Law schools should require students to create, not just critique. Law school courses should ask students to produce a new law or regulation, to write a memorandum of understanding or a technology transfer agreement, to develop a strategic agenda for a key agency or an NGO. This new focus would be aided by use of broader, more complex, interdisciplinary cases like those used in business or public policy schools. In those cases, students are put in a variety of different roles (beyond the appellate judge) and an array of problems is illuminated by broader settings, considerations, dynamics, and dilemmas. Further, these cases, and the courses of which they are a part, should have true cross-disciplinary team teaching (law, business, public policy, social sciences), where professors present together (not sequentially) and debate and illuminate the issues in real time.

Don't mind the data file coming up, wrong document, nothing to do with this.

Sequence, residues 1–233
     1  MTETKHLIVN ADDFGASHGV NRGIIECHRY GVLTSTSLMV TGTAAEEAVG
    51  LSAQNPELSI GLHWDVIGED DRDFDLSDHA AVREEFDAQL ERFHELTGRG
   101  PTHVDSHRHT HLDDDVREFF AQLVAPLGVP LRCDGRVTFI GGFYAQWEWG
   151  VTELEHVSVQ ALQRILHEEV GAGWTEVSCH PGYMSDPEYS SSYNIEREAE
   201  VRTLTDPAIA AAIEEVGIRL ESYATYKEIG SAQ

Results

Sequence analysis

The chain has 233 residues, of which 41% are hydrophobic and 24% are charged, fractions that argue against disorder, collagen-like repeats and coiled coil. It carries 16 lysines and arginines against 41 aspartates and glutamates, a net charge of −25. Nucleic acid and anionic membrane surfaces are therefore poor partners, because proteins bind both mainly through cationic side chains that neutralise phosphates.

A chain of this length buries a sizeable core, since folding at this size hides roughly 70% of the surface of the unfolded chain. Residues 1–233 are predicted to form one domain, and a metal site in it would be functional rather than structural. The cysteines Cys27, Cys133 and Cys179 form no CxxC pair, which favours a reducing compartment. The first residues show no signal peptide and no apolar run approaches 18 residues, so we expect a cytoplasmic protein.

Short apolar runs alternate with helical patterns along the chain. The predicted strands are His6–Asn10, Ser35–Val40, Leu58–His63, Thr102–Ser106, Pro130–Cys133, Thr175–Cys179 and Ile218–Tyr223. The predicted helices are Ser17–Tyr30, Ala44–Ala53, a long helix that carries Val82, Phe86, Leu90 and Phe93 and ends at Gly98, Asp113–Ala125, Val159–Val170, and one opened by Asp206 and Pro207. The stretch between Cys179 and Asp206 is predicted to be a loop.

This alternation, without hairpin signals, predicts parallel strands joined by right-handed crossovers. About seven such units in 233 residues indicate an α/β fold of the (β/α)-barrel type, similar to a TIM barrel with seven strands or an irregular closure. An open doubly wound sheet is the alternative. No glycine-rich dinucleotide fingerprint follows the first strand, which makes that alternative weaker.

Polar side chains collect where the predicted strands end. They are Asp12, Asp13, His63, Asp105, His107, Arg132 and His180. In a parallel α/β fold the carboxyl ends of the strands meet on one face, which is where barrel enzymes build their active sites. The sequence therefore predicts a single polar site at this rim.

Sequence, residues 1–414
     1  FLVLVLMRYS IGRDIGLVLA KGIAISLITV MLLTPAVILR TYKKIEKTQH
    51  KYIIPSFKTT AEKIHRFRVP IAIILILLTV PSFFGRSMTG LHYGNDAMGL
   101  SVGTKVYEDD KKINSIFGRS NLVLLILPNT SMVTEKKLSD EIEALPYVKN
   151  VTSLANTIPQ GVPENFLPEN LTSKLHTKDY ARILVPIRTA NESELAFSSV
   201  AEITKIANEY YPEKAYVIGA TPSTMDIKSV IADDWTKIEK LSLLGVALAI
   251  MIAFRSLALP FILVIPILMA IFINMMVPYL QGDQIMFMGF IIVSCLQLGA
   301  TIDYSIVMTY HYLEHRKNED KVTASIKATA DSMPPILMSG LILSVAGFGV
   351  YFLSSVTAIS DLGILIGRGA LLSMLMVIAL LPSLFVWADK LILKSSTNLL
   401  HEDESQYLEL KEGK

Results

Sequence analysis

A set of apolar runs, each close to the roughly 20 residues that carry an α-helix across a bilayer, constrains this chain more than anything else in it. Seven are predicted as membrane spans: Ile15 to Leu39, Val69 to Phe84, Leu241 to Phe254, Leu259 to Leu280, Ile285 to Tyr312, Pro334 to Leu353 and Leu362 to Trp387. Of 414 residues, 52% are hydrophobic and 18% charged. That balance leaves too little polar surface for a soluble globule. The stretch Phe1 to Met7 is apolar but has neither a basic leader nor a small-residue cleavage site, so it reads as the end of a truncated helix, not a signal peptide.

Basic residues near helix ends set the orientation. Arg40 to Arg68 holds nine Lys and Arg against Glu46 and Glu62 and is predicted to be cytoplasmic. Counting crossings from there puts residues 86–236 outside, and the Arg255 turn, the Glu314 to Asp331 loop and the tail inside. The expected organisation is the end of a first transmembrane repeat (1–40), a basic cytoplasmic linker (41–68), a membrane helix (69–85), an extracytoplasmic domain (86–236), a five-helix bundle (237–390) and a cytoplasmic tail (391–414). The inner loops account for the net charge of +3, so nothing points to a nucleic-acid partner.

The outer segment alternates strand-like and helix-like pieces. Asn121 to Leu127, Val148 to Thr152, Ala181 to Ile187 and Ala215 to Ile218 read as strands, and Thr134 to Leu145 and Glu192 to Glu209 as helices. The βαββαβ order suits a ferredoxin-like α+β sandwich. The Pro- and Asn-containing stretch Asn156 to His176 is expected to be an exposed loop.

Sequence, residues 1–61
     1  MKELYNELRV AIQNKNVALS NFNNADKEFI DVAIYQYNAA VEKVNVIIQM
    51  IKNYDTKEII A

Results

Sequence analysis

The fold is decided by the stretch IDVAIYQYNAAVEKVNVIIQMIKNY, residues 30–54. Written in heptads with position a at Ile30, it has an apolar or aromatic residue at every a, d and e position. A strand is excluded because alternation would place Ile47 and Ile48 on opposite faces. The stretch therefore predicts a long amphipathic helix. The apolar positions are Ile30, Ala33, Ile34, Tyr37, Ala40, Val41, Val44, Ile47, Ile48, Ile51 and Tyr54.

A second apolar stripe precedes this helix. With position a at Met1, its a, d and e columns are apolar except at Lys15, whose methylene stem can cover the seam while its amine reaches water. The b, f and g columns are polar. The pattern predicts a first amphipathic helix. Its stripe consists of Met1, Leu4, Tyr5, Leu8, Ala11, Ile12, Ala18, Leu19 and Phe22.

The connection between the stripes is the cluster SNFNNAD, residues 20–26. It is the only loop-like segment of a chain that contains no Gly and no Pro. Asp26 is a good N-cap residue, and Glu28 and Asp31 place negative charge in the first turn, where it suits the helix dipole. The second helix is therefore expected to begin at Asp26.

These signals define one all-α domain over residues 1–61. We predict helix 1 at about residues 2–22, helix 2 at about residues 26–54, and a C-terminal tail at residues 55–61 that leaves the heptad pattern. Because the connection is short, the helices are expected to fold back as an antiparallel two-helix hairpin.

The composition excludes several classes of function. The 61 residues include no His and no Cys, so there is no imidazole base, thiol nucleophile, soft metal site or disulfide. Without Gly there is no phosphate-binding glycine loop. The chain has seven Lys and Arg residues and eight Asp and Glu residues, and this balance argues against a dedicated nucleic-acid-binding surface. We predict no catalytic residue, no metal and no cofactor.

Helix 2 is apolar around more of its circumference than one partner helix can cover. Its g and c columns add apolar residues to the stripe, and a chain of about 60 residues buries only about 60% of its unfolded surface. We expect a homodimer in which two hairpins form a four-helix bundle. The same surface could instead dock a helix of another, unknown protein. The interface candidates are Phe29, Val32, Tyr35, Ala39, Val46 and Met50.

To prepare for contemporary leadership, one set of courses would be the study of organizational theory and behavior, of moral and ethical (not just legal) reasoning in an institutional context, and leadership styles and methods. Another example would be broader interdisciplinary courses on key international issues: global security, global economic integration, and global institution-building. Such courses could be complemented by developing for-credit semesters at law schools abroad (Beijing, Heidelberg, London, Paris).
More ambitiously, we should bust the barriers between law, business, and public policy schools and offer truly integrated joint degree programs in three, not four, years. Such three year JD-MBA or JD-MPP programs would based on the premise, well understood but not publicly acknowledged, that the second and third years of law school are progressively more repetitive and less valuable to students.